By Reem Tombokti and Tom Westcott.
Tripoli, 9 July 2013:
The oil export terminals of Es Sidra and Ras Lanuf are both running . . .[restrict]as normal following recent protests by oil field guards, according to the Ministry of Oil.
Es Sidra reopened yesterday following negotiations, a spokesman from the Ministry said. A port worker denied, however, that protestors from the Petroleum Facilities Guard (PFG) had stopped operations at the Ras Lanuf terminal.
Es Sidra export terminal was closed for three days over the weekend, after members of the PFG involved in a salary dispute stormed the port and ordered employees to stop work. After more oil field guards moved into Ras Lanuf port, a delegation was sent from the GNC’s energy committee to negotiate.
“They closed the port because of some delays to salary payments,” a source at the PFG told the Libya Herald, “and they want the headquarters to be moved to Brega, where it was first set-up.”
He said that, during the negotiations, assurances were given that PFG employees would receive their salaries. Officials also said that a committee would be formed to study the protestors’ other demands.
“They are giving this committee a chance because they know that, for the good of the country, they can’t keep the ports closed,” the source said.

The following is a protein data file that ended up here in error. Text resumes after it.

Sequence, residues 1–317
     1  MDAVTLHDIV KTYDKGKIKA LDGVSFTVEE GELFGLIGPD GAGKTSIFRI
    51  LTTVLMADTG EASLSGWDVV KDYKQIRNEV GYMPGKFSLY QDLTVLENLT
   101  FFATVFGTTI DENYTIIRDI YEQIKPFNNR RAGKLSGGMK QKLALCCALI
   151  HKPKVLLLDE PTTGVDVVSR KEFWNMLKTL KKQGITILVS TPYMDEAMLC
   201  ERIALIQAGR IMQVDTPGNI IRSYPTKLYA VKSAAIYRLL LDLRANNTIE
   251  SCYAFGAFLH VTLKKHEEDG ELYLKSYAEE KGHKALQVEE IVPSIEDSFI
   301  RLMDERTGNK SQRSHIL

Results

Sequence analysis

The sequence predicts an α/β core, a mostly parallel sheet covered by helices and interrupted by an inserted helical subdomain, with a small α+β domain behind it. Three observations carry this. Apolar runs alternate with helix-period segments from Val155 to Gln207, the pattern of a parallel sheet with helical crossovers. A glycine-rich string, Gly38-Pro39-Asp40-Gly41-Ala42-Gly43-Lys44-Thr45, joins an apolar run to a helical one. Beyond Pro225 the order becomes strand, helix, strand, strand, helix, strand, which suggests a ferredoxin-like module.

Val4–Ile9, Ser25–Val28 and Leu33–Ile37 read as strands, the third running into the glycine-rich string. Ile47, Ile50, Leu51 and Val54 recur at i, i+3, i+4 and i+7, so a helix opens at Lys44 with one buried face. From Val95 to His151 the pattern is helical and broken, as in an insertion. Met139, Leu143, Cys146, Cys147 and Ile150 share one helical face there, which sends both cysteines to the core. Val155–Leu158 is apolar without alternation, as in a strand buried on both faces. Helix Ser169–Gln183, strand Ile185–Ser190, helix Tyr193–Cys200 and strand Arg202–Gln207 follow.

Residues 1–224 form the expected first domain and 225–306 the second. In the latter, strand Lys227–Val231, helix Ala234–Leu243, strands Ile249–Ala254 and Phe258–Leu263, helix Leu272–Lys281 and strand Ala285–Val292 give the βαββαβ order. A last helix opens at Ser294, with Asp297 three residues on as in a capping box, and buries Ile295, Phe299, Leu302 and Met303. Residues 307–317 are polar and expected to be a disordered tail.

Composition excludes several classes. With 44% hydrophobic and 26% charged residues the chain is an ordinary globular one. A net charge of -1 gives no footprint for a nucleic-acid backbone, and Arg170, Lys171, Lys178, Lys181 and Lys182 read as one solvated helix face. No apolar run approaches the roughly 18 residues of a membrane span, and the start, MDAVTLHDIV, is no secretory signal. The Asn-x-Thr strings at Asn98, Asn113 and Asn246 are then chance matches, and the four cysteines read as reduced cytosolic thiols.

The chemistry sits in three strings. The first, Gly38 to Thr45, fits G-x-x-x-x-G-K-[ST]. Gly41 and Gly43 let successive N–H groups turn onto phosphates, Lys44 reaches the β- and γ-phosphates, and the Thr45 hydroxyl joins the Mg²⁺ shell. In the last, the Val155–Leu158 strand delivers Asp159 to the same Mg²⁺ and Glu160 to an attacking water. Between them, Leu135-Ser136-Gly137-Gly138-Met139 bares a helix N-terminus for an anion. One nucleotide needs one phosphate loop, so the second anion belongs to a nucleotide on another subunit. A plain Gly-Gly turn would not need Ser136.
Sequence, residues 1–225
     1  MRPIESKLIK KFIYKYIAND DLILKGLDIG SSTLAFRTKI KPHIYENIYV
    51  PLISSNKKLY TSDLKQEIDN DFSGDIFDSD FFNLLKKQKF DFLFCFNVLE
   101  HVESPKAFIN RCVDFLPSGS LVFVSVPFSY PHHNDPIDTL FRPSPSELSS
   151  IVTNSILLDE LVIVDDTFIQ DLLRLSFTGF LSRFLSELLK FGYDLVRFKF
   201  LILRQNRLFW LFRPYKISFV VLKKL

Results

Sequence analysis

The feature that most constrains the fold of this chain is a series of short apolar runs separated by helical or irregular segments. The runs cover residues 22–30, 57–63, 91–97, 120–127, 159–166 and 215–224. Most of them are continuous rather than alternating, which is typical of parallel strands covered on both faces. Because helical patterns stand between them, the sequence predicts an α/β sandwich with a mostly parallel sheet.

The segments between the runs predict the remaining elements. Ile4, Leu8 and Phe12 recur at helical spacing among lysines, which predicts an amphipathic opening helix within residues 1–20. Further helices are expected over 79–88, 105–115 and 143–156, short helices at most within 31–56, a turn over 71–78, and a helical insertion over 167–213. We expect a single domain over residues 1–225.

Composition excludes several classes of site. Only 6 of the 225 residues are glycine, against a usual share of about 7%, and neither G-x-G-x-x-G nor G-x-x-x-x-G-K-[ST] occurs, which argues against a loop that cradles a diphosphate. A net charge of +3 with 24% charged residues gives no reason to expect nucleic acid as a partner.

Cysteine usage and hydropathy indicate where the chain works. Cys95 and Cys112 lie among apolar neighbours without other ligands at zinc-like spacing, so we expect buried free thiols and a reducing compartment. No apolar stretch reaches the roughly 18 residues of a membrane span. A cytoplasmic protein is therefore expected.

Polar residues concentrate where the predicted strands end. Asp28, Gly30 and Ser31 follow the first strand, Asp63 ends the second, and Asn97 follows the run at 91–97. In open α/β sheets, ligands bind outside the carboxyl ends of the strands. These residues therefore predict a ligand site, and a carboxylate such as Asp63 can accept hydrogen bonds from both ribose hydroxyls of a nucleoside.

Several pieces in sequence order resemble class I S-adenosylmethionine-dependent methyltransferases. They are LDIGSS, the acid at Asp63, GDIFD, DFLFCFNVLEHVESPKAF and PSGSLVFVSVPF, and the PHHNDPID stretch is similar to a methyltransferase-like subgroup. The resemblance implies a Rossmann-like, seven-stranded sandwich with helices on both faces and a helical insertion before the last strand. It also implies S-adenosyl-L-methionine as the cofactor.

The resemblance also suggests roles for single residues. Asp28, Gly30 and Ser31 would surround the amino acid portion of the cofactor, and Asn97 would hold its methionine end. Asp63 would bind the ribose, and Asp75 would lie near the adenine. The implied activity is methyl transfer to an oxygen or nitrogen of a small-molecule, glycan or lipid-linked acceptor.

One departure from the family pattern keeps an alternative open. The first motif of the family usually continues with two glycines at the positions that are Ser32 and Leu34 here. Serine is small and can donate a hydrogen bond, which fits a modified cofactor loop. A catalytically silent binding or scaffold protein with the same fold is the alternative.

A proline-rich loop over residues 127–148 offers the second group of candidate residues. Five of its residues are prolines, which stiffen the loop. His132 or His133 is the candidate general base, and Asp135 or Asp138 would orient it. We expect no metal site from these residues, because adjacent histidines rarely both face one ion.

Employees of oil companies affected by the protest, as well as members of the PFG, have expressed their anger and frustration at the protests.
“A large number of guards are against the closure of these ports,” one PFG guard told the Libya Herald: “Our job is to protect the oil industry and make sure it keeps running because it is the country’s main source of income.”
Another said that the guards were the only ones who ever went on strike. Engineers, technicians and those working at oil fields and export terminals don’t cause such problems “because they know how important the oil industry is to the country.”
The demand made by some PFG employees for the relocation of the organisation’s headquarters is part of a wider campaign for decentralisation. Earlier in the year, Libyan Airlines’ employees staged several strikes demanding that the company headquarters should be returned to Benghazi, where the company was first established. [/restrict]